Title:
Carrying rack
United States Patent 4396138


Abstract:
A carrying rack (10) is especially adapted to carry skis (12), poles (14) or other large items on a vehicle and includes an elongate cord (18) extending across the vehicle and hook members (20) for attaching ends of cord (18) to the vehicle. At least one bolster (22) is slidably engaged on cord (18). Each bolster (22) includes a vehicle engaging base (40) and a carrying platform surface (52) spaced above the base (40) to support skis (12). An abutment wall (56) extends upwardly from platform surface (52) to laterally support skis (12). Each bolster (22) also includes a hook section (64) and a ledge portion (63) for supporting poles (14). A clamping line (24) is formed as a continuous loop to extend around anchor line (18), up through hole (54) formed in platform surface (52), and over the top of skis (12) and poles (14) to latch with hook section (64). Clamping line (24) tightly grips anchor cord (18) to prevent bolster (22) from sliding along the length of anchor line (18).



Inventors:
Kirschner, William H. (Vashon, WA)
Application Number:
06/310465
Publication Date:
08/02/1983
Filing Date:
10/13/1981
Assignee:
KIRSCHNER; H. WILLIAM
Primary Class:
Other Classes:
211/70.5, 224/324, 224/325, 224/917.5
International Classes:
B60R9/12; (IPC1-7): B60R9/04
Field of Search:
224/324, 224/311, 224/314, 224/318, 224/320, 224/321, 224/325, 224/327, 224/329, 224/917, 211/60SK
View Patent Images:
US Patent References:
4230248Ski rack1980-10-28Finnegan211/60SK
D256009Ski rack for an automobile or the likeJuly, 1980Mendenhall
D242114N/ANovember, 1976Lange
3904092Universal ski rack1975-09-09Piper
2988253Device for securing skis and baggage on the roof of motor cars1961-06-13Menghi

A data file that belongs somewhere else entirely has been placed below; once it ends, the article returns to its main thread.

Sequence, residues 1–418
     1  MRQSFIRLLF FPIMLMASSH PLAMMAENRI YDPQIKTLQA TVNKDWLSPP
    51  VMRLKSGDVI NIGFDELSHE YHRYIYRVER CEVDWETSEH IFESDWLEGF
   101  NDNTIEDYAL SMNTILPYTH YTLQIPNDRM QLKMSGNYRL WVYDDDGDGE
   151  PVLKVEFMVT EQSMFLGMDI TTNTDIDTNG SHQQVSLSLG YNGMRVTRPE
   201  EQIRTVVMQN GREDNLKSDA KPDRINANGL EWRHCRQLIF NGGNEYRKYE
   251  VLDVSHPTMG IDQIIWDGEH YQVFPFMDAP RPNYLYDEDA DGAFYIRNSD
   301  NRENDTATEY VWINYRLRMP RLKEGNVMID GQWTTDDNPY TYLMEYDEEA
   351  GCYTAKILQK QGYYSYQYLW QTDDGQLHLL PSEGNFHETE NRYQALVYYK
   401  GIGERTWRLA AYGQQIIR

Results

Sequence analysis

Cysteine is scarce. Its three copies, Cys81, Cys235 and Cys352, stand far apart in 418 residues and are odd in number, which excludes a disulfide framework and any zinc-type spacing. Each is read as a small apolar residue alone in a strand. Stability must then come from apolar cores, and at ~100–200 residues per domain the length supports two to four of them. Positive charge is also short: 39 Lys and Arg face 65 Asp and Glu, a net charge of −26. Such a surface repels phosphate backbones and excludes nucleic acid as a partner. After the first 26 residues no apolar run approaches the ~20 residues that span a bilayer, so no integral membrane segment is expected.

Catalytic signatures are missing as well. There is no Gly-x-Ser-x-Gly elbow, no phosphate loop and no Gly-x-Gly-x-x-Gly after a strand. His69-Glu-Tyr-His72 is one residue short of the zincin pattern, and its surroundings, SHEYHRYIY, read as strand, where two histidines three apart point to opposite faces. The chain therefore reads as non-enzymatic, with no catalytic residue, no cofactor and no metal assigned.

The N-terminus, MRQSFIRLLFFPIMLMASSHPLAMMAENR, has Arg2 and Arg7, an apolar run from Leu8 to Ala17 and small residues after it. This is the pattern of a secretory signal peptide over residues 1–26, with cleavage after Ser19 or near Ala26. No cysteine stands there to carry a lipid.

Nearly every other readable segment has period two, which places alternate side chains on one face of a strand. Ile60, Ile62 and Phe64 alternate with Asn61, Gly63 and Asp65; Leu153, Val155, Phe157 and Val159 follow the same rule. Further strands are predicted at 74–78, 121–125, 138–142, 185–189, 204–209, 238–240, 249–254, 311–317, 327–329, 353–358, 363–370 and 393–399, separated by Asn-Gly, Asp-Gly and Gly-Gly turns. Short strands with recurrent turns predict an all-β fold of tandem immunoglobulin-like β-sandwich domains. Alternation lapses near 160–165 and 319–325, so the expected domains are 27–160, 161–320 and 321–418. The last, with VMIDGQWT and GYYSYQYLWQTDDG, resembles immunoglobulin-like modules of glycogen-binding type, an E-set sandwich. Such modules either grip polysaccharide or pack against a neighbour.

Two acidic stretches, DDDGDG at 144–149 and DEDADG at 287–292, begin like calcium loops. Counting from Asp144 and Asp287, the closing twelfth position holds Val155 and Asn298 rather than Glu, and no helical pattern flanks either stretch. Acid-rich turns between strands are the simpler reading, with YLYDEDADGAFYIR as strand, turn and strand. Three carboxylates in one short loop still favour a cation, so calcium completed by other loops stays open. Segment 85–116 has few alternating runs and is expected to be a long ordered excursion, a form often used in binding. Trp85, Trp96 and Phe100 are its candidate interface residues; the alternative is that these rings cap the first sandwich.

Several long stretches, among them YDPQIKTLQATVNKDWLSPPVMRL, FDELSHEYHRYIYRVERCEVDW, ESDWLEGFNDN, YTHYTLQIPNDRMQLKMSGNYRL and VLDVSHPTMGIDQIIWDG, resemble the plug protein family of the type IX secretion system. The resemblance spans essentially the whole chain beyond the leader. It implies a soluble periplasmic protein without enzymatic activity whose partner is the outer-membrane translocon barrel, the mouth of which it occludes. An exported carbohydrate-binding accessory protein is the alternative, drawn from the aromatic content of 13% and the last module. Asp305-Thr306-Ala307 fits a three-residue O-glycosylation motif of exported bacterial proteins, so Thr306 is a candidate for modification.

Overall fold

2902641Method of orientation of detector magnetometer element with high accuracy1959-09-01Peasley224/318
2574018Luggage rack for automobiles1951-11-06Cotton
2268958Luggage carrier1942-01-06Parten et al.



Foreign References:
FR1150337A1958-01-10
FR89566July, 1967224/324
IT603336AMarch, 1960224/324
Primary Examiner:
POLLARD, STEVEN M
Attorney, Agent or Firm:
ATTEN: JAMES R. UHLIR (SEATTLE, WA, US)
Claims:
What is claimed is:

1. A carrying rack for a motor vehicle, comprising:

an elongate, anchor cord extendable transversely across the vehicle and anchorable to the vehicle;

at least one bolster slidably movable on said anchor cord, said bolster including:

a vehicle engaging base;

a carrying platform surface spaced above said base and above said anchor cord;

hook means disposed adjacent one side of said platform surface; and,

elastic clamping line means having a first end extending beneath said platform surface and around said anchor cord and a second end engageable with said hook means such that the intermediate portion of said clamping line means extends over the carried article positioned on said platform surface to elastically clamp said carried article to said bolster and such that the first end of said elastic clamping line grips said anchor cord to prevent relative sliding movement between said bolster and said anchor cord when an article is being carried.



2. The carrying rack of claim 1, wherein said carrying platform surface includes an abutment wall extending upwardly therefrom.

3. The carrying rack of claim 2 wherein said hook means is disposed on one side of said abutment wall.

4. The carrying rack according to claim 3, wherein said bolster further includes a carrying ledge portion disposed above said hook means on the side of said abutment wall opposite said platform surface, said ledge also being adapted to carry articles held thereon by said clamping line means.